Two-day camp teaches science and physics behind walking in space
The Challenger Learning Center of Northwest Indiana is teaching students the science and physics behind walking on the moon during the Underwater Astronaut Training Camp. Camp sessions will be held from 8:30 a.m. to 3:30 p.m. on July 8 and 9 and July 29 and 30.
Students, ages 11 through 14, will receive basic training from a certified SCUBA instructor on how to use SCUBA gear underwater to learn about space walking. During the two-day camp, students will also learn about neutral buoyancy, density, astronaut training and other space and science topics.
"This is a great way for students to get a feel for the work that astronauts like Col. Jerry Ross perform during their amazing spacewalks. Those astronauts train in the Sonny Carter Neutral Buoyancy Lab in Houston for many hours before being deemed spacewalk ready,” said Becky Manis, executive director of the Challenger Learning Center of Northwest Indiana.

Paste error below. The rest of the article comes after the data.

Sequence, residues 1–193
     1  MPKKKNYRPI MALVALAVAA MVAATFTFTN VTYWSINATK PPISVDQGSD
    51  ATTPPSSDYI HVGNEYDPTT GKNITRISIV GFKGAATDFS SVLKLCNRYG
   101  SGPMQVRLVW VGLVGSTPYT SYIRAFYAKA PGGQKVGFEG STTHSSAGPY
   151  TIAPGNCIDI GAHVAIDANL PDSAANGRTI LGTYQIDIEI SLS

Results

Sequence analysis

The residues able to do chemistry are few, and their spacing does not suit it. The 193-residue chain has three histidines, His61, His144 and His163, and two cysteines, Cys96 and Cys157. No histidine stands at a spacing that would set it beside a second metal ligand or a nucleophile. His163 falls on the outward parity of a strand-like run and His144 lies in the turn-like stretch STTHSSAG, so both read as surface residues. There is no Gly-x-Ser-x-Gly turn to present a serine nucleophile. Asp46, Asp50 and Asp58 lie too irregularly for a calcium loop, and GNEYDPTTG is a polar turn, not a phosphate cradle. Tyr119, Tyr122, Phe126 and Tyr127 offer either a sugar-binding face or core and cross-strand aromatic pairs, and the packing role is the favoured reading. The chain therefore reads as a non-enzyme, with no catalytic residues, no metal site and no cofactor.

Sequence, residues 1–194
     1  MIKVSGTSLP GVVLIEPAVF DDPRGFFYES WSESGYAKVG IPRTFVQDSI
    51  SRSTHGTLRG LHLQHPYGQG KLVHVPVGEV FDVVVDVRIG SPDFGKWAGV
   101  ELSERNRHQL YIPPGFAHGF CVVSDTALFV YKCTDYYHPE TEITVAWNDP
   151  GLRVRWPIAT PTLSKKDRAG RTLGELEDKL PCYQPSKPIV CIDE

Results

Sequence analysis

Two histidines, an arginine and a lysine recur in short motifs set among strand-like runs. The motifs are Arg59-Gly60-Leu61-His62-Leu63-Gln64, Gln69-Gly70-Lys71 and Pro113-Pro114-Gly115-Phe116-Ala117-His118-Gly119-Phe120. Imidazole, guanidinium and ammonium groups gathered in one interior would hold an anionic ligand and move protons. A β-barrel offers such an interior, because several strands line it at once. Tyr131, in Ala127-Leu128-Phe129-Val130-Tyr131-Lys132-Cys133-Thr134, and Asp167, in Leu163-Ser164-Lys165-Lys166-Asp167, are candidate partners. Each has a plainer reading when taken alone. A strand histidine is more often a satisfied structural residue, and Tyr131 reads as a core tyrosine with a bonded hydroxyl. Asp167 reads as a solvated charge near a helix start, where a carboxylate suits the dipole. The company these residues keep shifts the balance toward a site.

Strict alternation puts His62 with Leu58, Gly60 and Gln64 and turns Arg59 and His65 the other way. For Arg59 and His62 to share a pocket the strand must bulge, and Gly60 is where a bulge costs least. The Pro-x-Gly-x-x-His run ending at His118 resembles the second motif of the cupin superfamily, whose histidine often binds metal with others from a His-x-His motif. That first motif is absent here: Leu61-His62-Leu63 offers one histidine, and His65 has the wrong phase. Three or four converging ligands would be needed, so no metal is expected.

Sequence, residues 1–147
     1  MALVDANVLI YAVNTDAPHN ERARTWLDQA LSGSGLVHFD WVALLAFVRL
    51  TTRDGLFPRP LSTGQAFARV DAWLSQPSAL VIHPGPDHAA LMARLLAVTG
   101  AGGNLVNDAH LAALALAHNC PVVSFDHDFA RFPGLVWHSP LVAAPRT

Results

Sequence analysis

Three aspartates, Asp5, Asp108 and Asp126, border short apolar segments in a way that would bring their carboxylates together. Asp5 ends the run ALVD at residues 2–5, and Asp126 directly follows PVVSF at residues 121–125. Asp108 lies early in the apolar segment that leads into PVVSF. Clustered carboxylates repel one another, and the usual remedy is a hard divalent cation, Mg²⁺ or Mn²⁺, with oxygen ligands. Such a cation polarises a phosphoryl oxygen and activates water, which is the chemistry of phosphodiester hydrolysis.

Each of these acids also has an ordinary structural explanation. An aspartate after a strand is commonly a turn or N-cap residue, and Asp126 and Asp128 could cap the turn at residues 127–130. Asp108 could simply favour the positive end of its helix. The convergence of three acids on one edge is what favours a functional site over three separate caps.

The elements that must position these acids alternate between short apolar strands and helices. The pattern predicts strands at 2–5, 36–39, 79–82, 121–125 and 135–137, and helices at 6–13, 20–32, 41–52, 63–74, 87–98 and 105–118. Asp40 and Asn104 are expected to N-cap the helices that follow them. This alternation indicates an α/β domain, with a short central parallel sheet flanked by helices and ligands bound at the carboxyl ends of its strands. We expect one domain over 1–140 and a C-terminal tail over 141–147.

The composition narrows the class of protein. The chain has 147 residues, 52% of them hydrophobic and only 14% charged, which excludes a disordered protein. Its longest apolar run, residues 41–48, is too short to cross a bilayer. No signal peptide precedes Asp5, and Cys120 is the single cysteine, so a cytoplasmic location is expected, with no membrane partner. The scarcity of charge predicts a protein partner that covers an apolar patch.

“Our students are mirroring some of that training at the Hammond YMCA. But no matter the location, it's an amazing opportunity to try out something new and learn about the amazing work being completed by our nation's space program," said Manis.
Challenger Learning Center of Northwest Indiana is a non-profit 501c3 organization that educates students in STEM (science, technology, engineering and math) subjects with the goal of encouraging students to pursue STEM careers.
Registration is still open for the July 29 and 30 camp session. Cost is $125 per student and includes gear rental. For more information on the center or to register for the camp, visit www.clcnwi.com or call 219-989-3250.